Agia Roumeli is a small secluded village, located 56km south of Chania, on a wide bay shaped at the exit of the Samaria Gorge. Thousands of visitors, descending the gorge, reach this place every day.
Agia Roumeli is a calm place in the wild and mountainous landscape of Sfakia. The only way to reach the village is either through the gorge or by the ferry from Chora Sfakia Loutro, Paleochora and Sougia. The more adventurous (and lucky) visitors could walk the path from Sfakia to St. Roumeli (7 hours). The picturesque village of Agia Roumeli provides all basic amenities, such as taverns with traditional food, rooms for accommodation, cafes, mini market, internet access and telephone.
Daily, between 13:00 to 16:00, the village and its beaches are swamped by the visitors of the gorge. However, after the departure of ferries, the village gets very calm! If you choose not to follow the crowd with the ferry, but to stay in the village for at least one night, then you will have the opportunity to admire this beautiful place with its unique people and the stunning natural beauty.
The beaches of Agia Roumeli
The beaches of Agia Roumeli wider area are magnificent, spanning a length of 3km or more. The closer you are in the village, the more crowded and organized it is. The beach in front of the taverns, west of the harbor, called Gialos, is the most organized and provides a lot of amenities (restaurants, showers, umbrellas, pedal boats, etc.). This pebbly beach is the most crowded beach of all in the area.
On the east side of the bay, beyond the river of Samaria gorge, there beautiful rocky formations and cavities at position Zeromouri, which have beautiful pebbly beaches in front of them. These beaches are usually deserted. Even further, the beach becomes rocky and suitable for nudism and snorkelling.
The west part of the bay of Agia Roumeli is called Mashali. There is a second dock for boats and a lonely tavern with rooms. Next to this dock, there are two beautiful beaches with fine pebble. The tavern provides sunbeds, umbrellas and canoes for free. On these beaches, there are large rocks that provide shade, between which nudists may feel isolated. Little attention is needed when you walk in the main road, from the tavern to the dock, because goats on the mountain often cause stonefalls. Stonefalls are not very dangerous, but in order to keep safe, avoid walking next to the mountain walls, but keep on the left side.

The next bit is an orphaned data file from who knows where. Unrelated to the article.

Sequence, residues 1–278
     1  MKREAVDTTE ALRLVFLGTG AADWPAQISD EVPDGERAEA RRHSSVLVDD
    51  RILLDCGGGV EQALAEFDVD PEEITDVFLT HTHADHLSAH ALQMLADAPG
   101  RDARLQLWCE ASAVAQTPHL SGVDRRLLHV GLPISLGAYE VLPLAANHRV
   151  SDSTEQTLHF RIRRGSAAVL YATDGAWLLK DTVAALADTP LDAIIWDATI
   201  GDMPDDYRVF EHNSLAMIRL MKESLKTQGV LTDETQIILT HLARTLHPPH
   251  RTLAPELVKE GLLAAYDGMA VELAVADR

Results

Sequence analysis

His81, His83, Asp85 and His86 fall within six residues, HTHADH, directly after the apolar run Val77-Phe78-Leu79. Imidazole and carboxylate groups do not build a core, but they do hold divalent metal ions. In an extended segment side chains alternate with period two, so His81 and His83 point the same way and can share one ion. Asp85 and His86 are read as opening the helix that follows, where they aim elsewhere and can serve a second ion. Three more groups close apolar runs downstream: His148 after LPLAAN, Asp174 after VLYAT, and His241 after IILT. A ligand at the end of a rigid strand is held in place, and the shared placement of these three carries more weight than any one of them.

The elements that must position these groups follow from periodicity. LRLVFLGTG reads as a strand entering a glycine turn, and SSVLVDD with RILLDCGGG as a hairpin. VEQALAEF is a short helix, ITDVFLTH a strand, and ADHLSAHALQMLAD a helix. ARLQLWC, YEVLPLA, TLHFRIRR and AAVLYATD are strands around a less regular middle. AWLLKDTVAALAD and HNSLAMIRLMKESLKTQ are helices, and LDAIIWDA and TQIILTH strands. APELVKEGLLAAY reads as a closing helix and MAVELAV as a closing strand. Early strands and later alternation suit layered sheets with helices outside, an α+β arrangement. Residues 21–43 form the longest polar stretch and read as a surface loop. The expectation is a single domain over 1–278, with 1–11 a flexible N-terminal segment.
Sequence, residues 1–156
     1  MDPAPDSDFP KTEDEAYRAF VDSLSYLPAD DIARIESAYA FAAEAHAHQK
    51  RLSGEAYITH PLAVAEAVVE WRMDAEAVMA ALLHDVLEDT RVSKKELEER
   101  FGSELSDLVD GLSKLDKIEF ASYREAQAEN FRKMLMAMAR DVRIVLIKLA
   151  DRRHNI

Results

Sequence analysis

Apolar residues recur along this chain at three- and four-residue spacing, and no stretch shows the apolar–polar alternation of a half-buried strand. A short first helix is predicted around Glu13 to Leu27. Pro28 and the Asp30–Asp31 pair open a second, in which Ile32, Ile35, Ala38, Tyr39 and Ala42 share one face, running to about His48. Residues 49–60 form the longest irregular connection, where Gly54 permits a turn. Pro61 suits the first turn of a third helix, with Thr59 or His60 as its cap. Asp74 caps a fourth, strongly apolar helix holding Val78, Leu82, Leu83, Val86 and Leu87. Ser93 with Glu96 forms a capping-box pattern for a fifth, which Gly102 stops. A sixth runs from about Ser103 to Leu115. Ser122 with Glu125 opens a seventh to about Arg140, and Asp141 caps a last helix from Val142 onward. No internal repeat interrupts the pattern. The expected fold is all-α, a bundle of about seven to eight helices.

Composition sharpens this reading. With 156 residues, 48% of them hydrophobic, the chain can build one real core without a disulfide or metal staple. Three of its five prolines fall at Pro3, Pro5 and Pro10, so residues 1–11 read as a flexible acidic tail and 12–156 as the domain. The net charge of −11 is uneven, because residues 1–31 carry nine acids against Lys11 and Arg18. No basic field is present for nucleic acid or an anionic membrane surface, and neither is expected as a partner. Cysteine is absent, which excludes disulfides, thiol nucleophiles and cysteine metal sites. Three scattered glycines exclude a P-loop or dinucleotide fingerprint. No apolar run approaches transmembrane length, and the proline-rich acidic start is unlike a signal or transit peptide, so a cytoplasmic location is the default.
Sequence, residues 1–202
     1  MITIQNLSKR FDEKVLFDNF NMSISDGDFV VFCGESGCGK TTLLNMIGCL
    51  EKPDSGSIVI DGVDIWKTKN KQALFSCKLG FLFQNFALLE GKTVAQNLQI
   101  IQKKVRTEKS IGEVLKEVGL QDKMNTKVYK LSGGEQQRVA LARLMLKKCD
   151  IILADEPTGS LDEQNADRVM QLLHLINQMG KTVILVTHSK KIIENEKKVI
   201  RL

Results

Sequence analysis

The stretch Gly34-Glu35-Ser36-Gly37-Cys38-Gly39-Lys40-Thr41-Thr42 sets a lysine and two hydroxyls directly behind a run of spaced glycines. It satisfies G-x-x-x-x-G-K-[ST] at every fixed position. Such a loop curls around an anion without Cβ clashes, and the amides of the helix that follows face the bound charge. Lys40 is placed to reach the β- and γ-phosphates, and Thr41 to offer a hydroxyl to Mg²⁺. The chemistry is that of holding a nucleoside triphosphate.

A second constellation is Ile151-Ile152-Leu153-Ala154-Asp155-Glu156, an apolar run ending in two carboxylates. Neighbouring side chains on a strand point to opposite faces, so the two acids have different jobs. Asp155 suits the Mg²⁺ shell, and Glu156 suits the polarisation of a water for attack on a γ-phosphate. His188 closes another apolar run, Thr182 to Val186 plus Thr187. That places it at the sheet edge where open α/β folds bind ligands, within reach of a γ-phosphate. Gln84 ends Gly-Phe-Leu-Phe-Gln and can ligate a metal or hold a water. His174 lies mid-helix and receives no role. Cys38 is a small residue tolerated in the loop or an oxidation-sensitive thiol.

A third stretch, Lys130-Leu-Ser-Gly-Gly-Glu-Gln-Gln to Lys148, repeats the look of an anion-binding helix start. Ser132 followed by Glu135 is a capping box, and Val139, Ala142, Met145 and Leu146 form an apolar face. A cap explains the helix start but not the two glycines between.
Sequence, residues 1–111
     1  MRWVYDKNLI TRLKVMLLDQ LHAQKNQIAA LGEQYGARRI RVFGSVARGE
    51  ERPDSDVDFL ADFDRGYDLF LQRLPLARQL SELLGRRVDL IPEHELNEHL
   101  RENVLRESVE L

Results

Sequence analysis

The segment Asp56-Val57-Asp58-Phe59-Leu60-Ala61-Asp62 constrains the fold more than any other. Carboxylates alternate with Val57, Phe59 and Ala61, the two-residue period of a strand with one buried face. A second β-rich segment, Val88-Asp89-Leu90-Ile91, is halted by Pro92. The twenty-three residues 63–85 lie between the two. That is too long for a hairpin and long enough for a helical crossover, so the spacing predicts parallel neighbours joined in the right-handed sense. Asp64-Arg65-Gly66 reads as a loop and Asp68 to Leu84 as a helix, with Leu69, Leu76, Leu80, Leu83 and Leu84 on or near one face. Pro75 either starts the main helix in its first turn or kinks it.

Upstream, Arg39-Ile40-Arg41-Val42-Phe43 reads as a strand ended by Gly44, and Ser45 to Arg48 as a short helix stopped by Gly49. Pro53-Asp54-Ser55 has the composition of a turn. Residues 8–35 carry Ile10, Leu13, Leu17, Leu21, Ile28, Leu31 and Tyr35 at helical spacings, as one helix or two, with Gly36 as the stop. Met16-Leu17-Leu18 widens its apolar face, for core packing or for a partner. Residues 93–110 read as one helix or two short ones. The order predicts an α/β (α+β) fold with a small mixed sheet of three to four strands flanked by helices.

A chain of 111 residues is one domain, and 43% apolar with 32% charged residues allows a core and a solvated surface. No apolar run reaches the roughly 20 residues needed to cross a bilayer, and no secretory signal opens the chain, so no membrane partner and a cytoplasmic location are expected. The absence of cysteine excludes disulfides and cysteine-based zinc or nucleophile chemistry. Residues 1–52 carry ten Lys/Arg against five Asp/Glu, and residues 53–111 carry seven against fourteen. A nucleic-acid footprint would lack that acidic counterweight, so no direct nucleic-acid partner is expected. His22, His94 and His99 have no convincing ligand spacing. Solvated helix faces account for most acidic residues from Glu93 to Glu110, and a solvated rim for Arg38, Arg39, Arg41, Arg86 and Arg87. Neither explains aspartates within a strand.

Lastly, if you swim or kayak beyond the western edge of the beach, you will meet three caves, in front which "XS size" pebbly beaches are formed! They are known as Spilies sto Marmaro (i.e. Caves in Marble).
What to see
The Samaria Gorge is the longest gorge in Europe, having a length of 18km. During the summer, it is visited by thousands of tourists who trek the 18km in about 6 hours. Many of them have visited Crete just to cross the majestic gorge of Samaria. If you do not have the time to walk all the distance in the gorge, you can walk backwards, starting from Agia Roumeli.
Agia Roumeli is built on the ruins of ancient Tara. Tara was built by the Romans. To the west of the village, there are still ruins of the Temple of Apollo (or Artemis). Today, at this point you can visit the old church of Panagia (Virgin Mary) built in 1500.
On the hill above the village, there is a ruined Turkish castle (Kule), from where the view to the village, the vast Libyan Sea, Gavdos and Gavdopoula islands is fantastic. Walking the easy path to the castle takes 30’-60’. From the castle, if you continue walking on the steeper slopes of the mountain for 90’ more minutes, you will reach the ruins of a second castle.
On the eastern edge of the gorge, near its exit, you can visit the beautiful church of St. Anthony. The chapel is built in a cavity, shaped in the rocky walls.
Approximately 2km north of the village, inside the gorge, there is the old village of Agia Roumeli, in a lush green landscape. There you will see ruins of old houses and some homes restored by their owners. The village was abandoned in 1954, when it was completely destroyed by floods. Then, the village was moved to its present position, in Agia Roumeli.
Even people and food in Agia Roumeli constitute attractions! The people are genuine Cretans, with pure heart and real smile. The meat you will eat in their restaurants is bred by them. They also are the producers of cheese, vegetables and honey they provide in tavernas. Fortunately, despite the development of tourism, Agia Roumeli has remained authentic and picturesque, where you can meet friendly people, enjoy high-quality traditional recipes and the tranquility of nature.